Doing this with software on generic computing platforms showed to be slow for learning and slow for live interpretation. This meant an advance in software required custom hardware to process specific logical concepts that would accelerate the learning and application. This learning model creates for AI what I call bias. Yes, that is both good and bad. The goal is to improve and understand the bias. A dependable implementation will always require understanding the bias. Growth in AI will require understanding and measuring not just the computing bias but reconsidering how our own bias impacts our solutions and inventions.
Like humans, machine learning and AI make false assumptions. Sometimes the machine may see something we miss. Other times we will see what the computers miss. Here is an example where Grammarly, one of my favorite AI tools gets challenged.
Does this make Grammarly bad? Absolutely not! I am not superior to Grammarly. It is also true that Grammarly is not better without me. If you notice the screen has an option called “Dismiss”. The creators of Grammarly understand the goal is collaboration. Like two or more humans working together, we know more than me.
“We know more than me.”
AI should no more replace a human being than another human. AI is another form of collaboration. When two humans work together and work together well, it is a mix that makes for the biggest win. Each person’s value is measured, not just individual superiority. We need to understand the mix when we integrate artificial entities into our work and play. If we only look at the downsides, then our bias as humans has blinded us to understanding. Our facts begin to push the truth out of our decisions. If we only consider upsides, it is the same error upside down.
Here is an example that was posted to LinkedIn of chatGPT. This AI solution is being promoted as both the future of technology and the end of humanity.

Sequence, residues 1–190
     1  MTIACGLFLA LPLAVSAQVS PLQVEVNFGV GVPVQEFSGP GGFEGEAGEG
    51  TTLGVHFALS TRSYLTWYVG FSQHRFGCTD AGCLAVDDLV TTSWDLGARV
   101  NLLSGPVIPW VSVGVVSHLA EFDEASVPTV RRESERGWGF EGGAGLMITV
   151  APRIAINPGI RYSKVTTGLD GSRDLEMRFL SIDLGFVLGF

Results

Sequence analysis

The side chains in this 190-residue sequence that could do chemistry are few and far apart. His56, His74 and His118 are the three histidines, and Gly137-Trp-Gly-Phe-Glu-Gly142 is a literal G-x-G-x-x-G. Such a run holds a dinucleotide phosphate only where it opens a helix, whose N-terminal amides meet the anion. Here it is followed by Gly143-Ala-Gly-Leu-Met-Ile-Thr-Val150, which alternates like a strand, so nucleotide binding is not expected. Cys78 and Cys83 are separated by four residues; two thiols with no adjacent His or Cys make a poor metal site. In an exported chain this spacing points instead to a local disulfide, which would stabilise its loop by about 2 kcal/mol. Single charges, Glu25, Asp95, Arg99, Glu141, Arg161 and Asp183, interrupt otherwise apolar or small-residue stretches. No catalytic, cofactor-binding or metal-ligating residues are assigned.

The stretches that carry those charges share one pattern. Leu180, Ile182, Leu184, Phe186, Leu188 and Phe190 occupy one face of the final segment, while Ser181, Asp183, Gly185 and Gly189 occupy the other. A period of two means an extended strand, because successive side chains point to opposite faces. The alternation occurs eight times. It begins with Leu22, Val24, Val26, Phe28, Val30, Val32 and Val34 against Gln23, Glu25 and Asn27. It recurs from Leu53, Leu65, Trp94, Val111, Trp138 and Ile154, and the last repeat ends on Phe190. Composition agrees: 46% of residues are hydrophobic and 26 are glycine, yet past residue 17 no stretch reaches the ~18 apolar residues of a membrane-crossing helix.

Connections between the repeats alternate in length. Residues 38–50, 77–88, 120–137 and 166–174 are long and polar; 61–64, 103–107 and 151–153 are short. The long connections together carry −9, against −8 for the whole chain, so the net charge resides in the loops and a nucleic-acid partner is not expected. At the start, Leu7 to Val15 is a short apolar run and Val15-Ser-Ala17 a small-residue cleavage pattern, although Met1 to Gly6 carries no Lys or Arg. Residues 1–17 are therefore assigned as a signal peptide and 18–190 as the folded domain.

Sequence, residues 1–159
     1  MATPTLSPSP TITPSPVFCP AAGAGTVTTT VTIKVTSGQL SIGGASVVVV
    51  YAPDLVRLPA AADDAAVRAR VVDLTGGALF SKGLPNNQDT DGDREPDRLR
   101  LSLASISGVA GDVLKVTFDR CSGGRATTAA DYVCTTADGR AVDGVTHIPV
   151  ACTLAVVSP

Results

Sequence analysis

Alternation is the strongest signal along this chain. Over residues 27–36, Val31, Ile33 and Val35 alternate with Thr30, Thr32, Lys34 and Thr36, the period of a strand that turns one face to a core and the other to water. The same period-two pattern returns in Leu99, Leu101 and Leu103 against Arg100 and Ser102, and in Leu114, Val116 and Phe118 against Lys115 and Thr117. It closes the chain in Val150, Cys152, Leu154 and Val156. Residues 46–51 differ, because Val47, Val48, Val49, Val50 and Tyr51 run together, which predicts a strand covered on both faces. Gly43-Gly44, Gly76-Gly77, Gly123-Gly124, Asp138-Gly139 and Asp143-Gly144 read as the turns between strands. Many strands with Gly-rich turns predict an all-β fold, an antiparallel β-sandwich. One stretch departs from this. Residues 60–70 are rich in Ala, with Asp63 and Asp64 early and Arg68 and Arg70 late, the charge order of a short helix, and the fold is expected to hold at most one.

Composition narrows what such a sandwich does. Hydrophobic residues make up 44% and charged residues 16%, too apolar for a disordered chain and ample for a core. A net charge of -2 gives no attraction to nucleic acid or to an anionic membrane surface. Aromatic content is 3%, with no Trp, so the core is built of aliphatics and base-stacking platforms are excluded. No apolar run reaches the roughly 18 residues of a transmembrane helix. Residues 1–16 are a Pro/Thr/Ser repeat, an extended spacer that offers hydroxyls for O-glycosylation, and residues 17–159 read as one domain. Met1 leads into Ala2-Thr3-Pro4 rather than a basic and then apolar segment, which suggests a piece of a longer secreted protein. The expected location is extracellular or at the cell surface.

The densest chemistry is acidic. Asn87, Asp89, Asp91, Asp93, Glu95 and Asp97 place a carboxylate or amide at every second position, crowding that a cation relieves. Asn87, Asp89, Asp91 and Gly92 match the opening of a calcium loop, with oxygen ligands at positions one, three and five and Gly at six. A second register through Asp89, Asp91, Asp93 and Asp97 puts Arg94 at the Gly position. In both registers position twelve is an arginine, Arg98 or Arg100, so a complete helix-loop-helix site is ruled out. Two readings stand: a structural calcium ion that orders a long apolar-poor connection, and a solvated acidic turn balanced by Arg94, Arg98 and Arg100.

All truth is made up of facts, but not all facts lead us to the truth. The question we will consider next is, when does bias work in our favor? How do we spot when a machine’s AI has a negative bias? When does it have a functional positive bias and execution?
Of Myths and Men
The myth of AI is both individual and collective within different communities. Has Skynet arrived? Do we need to call on Tron to battle the Master Control Program? It is good and bad. As we extend computing beyond fixed function to agile thinking and decision making we will get a mix of benefits and consequences. It is also true that without these solutions we will face different consequences and miss out on other benefits.
You will get the same advice if you talk to a great financial advisor or budgeting coach in personal or business areas. Understand what you are doing enough to invest wisely. Adding AI to our personal lives or in our business endeavors should be treated as an investment opportunity. Some opportunities are good, and some are bad. What works for others is not always a match for me. Choosing a favorite sports team is different than choosing when and what AI to integrate into our future.
Remember some key reality checks.
- People are the sustainable facts of our truths.
- Business is primarily about people.
- Technology is about business.
The last point you will hear me cite over and over. One might think it is only the geeks who think technology is more important than business. Welcome to human bias. The CEO of Twilio has cited the opposite reality. He believes to avoid letting technology taint your bias, you need to get the geeks involved. How does that work? You get them involved with the end users, not just the rest of the company.
When the creators connect with the people, their creativity changes. So, what does that say about AI? We need to see how this benefits people in the journey to improving AI. The promise of AI is specifically wrong. It is wrong because we don’t know the issues that will arise or how things will change. This does not say do not move forward. It says it is a journey that needs adjustable targets as our understanding improves.
Let’s wrap it up with my favorite question on this site.
How will you influence your business today?